The typical dangers of the desert-heat, lack of water, depletion of bodily minerals, and intense sun, are augmented here by the proximity to the Mexican border. Illegal border crossings are common and in addition to park rangers, there are border patrol driving up and down the park's main road which doubles as the thoroughfare to Mexico. For this reason, even more precaution must be observed if leaving your car unattended. Locking it and keeping valuables from sight are common sense. Also, if you encounter anything or anyone that looks suspicious while hiking it's best to steer clear and tell a ranger on your return.
When hiking be careful not to brush up against the cactus. Most of these are very thorny, and the chain fruit chollas are often called “jumping cactus.” Not that they actually jump, but a light brush and one will break off and attach itself to your clothing or skin. Do not try to remove it with your fingers. Use two rocks, pliers, tweezers, or a comb to flip the joint away.
Beware of over exposure to the sun. Use sun block and be sure to have sun protection such as a wide brimmed hat. I would recommend that you do not even attempt to hike from May through September. Temperatures frequently reach over 105 degrees during this season and the sun beats down mercilessly, making hiking dangerous.
Take water when hiking, the park recommends one gallon per person per day.
Watch out for poisonous rattlesnakes, scorpions, spiders, and centipedes, as well as other dangerous wildlife.
For additional details about your safety visit:
This will be in three parts.
1) Be aware of your surroundings. This park is right on the border with Mexico and there is a lot of smuggling (both people and drugs) in the area. This is especially true of the South Puerto Blanco Road area. You also have to keep your eye open for rattlesnakes, scorpions, mountain lions, etc. Usually they will not bother you if you don't botherthem.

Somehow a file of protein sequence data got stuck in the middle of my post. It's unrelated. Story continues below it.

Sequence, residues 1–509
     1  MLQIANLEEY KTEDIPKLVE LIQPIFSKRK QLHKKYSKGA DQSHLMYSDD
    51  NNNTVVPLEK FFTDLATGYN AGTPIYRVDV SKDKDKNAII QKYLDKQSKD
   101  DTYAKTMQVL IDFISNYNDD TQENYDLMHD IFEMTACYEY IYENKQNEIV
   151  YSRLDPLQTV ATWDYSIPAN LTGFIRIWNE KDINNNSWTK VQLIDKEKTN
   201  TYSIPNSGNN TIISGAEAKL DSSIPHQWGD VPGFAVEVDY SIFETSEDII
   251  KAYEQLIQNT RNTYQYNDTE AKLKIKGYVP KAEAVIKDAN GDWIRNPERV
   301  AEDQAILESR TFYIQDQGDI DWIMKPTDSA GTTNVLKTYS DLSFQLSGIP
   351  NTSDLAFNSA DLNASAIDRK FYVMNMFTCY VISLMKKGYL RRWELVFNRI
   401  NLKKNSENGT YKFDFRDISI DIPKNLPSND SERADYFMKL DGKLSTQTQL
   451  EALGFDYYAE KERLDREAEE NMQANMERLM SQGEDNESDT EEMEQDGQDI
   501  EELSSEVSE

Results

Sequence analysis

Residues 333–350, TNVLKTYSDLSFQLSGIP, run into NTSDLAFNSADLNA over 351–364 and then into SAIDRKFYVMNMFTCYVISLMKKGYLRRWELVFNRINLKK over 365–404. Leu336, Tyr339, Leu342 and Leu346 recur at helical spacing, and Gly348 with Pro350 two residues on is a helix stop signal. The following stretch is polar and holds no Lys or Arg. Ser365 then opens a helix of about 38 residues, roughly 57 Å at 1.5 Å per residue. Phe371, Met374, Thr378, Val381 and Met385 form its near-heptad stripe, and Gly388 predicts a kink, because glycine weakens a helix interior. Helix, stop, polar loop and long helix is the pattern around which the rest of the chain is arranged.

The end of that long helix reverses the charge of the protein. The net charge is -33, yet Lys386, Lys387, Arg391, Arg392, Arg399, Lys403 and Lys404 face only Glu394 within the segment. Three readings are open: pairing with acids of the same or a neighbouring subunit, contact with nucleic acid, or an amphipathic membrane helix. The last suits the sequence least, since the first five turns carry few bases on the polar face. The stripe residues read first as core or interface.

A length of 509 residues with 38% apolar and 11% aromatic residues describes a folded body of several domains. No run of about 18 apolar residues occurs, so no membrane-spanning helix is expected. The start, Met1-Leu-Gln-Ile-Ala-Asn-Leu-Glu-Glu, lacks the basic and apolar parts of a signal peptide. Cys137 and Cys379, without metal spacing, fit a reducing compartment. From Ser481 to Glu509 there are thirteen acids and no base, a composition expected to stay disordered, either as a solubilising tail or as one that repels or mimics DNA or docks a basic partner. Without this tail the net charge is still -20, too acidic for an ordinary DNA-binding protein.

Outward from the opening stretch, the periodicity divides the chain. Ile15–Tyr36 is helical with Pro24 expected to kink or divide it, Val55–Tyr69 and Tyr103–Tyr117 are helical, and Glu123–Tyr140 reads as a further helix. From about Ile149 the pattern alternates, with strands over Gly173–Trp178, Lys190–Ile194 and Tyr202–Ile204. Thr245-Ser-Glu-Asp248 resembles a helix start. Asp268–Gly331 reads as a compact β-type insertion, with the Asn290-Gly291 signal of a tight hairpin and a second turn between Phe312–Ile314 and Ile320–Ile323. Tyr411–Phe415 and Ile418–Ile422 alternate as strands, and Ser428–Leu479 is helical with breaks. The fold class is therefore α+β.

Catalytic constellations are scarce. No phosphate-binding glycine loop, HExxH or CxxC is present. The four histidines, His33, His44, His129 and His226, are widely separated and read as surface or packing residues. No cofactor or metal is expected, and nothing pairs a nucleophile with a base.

2) Be prepared for the conditions. Drink lots of water before, during and after your visit. Be aware of the weather forcast because flash floods occur here, especially during the monsoon season which is usually July through September.
3) Obey all warning signs. They are there for a reason.
Despite several remarks in the net and the presence of the Border Control you should not be too afraid going here. As long as you are here over the day (daylight) and you contact the Visitor Center for information where to go safely, it is no problem. Always use your common sense, which says e.g. that of course you should not pick up hitchhikers here.
Follow the link below to the parks safety instructions...
This may seem (by reading the title) that I'm writing 2 tips about the same thing, but they are not. This is what became of the incident on the first warning tip. (Or maybe because of September 11th, the new "tightening the border" thing or a combination of all 3) It used to be if you were going across border into Mexico, you had to deal with the border patrol. That makes sense...that's how it should be. But even before you get into the park, well north of the Mexico border, you have sit in a line to pass the makeshift inspection station. Sometimes going in, sometimes going out, sometimes both. Thankfully, this park isn't highly visited and not that many people (legally) use the border crossing at Lukeville, so it doesn't take too long. Just expect that even if you're not crossing into Mexico, you'll have to go through one of these mobile patrol stations.